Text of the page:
## Quiz 1 prep. #8-Limiting reagent [ENDORSED]

Priscilla_Covarrubias_HL
Posts: 16
Joined: Sat Sep 24, 2016 3:00 am

### Quiz 1 prep. #8-Limiting reagent

In question #8 in Quiz 1 Preparation, the question asks you "to determine the limiting reagent if 21.4g NH3 is reacted with 42.5g 02." I converted the 21.4g of NH3 into moles and I got 1.26 mol NH3. I also did the same for O2 and I got 1.33 mol O2. I thought that the 1.26 mol NH3 was the limiting reagent since its smaller than the 1.33 mol of O2 but then the answer key says that the limiting reagent 02. Why is that?

Alicia_Miller_3F
Posts: 10
Joined: Wed Sep 21, 2016 2:58 pm

### Re: Quiz 1 prep. #8-Limiting reagent  [ENDORSED]

Hi Priscilla,
The balanced equation for the reaction is 4NH3 + 3O2 ---------> 2N2 + 6H2O and you have to use these coefficients to determine the amount of each you would need for a complete reaction to occur and therefore which is limiting. The ratio is 4 NH3 moles for every 3 O2 moles (or 1.33). The moles you have now must be coonverted using the ratio 4:3. For example, 1.33 mol O2 x (4 mol NH3/3 mol O2)=1.77 mol NH3 and 1.26 mol NH3 x (3 mol O2/4 mol NH3)=0.945 mol O2. 1.77/0.945=1.87, a value greater than the allowed 1.33 ratio, showing that NH3 is in excess. If the final ratio value was less than 1.33, the NH3 would be the limiting reagent.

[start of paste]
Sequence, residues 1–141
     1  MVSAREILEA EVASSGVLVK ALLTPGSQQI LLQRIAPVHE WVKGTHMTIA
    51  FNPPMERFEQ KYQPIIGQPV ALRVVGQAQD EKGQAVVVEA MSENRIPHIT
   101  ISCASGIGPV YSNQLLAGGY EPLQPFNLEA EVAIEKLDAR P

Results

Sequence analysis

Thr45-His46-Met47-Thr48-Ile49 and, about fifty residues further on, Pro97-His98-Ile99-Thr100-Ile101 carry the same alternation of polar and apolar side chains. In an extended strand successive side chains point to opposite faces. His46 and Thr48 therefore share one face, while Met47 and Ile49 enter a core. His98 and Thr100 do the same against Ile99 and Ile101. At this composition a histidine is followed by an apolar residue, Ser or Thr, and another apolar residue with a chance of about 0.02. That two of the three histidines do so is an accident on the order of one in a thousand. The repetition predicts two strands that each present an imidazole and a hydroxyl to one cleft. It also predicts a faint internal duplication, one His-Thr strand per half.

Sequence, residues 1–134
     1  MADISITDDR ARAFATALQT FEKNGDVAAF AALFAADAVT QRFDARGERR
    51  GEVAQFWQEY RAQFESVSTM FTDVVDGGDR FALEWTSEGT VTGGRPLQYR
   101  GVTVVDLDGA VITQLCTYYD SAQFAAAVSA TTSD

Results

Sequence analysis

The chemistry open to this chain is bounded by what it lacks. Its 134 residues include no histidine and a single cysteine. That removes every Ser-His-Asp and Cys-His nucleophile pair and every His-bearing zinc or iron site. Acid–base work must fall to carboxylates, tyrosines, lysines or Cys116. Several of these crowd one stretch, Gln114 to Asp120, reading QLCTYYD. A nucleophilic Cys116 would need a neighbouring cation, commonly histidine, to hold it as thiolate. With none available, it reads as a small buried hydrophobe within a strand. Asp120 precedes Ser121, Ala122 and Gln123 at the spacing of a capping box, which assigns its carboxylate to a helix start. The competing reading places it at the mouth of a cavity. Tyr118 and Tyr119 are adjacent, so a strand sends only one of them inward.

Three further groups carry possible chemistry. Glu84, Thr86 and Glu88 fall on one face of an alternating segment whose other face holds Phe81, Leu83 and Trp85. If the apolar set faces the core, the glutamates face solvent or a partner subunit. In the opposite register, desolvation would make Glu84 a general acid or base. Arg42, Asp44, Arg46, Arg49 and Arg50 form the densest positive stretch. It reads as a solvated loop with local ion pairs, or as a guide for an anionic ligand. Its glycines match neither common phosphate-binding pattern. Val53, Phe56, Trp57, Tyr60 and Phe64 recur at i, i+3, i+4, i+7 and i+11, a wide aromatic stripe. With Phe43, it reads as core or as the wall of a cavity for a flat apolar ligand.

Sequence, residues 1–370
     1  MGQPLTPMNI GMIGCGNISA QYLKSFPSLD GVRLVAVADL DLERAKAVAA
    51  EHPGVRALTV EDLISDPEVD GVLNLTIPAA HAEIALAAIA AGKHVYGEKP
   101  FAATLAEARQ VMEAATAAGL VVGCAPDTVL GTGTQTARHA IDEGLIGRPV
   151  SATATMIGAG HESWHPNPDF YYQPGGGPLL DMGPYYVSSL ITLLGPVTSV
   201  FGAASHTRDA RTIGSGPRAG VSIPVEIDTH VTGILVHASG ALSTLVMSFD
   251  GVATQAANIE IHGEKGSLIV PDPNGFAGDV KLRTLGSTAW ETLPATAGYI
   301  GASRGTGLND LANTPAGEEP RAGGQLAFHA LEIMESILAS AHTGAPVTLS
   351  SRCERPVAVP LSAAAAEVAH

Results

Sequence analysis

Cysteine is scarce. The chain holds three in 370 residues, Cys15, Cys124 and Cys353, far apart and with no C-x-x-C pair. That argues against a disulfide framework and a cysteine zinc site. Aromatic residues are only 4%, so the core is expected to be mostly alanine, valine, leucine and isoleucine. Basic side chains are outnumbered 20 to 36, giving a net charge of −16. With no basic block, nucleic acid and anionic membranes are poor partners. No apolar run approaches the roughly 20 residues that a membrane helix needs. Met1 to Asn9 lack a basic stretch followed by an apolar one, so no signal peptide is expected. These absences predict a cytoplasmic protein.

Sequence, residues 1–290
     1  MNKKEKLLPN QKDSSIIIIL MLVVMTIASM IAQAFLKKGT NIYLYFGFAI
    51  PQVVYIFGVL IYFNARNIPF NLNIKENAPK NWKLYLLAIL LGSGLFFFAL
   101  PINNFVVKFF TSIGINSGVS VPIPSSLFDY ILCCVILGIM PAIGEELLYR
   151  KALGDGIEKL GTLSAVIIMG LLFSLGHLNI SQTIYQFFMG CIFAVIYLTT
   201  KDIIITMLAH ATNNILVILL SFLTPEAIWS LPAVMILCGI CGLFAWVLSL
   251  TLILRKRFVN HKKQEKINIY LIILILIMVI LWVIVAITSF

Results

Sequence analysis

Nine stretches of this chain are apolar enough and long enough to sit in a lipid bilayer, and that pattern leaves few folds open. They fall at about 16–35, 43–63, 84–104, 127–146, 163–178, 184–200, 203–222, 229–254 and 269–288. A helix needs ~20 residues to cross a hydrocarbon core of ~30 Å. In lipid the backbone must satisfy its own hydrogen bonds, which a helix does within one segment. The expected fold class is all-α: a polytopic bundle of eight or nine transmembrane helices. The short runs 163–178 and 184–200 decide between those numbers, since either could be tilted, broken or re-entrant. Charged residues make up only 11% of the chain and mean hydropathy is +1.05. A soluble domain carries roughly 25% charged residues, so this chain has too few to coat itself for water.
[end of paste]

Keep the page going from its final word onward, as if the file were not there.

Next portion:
Hope this helped!

Liam Giffin 2B
Posts: 34
Joined: Fri Jul 22, 2016 3:00 am
Been upvoted: 1 time

### Re: Quiz 1 prep. #8-Limiting reagent

I'm confused, because in the balanced equation you, Alicia, posted, the first product you have is 2$N_{2}$
, but in the unbalanced equation you are given the first product is NO (g), not just N (g) or $N_{2}$
(g). Problem 9 of the fundamentals self test in the workbook is basically the same and I was having an issue as well. It is my understanding that the balanced form of the given equation is actually 4N$H_{3}$ (g) + 5$O_{2}$ (g) -------> 4NO (g) +6$H_{2}$O (g).

Alicia_Miller_3F
Posts: 10
Joined: Wed Sep 21, 2016 2:58 pm

### Re: Quiz 1 prep. #8-Limiting reagent

Liam,
You are right, I was going off of a different reaction equation since I did not have the workbook in front of me. However, the answer remains the same with O2 as the limiting reagent. Using 4NH3 (g) + 5O2 (g) -------> 4NO (g) +6H2O (g), the 21.4g of NH3 is converted into 1.26 mol NH3 and the 42.5g of O2 is converted into 1.33 mol O2. You can then use the coefficients to solve for the limiting reagent. For example, when converting moles of O2 into NH3, the equation is 1.33mol O2 x (4mol NH3/5mol O2) = 1.064 mol NH3. The 1.064 moles produced by O2 is less than the 1.26 moles produced by NH3 and therefore O2 is the limiting reactant.

Sorry about the mistake in equations but hopefully this clears it up for you (: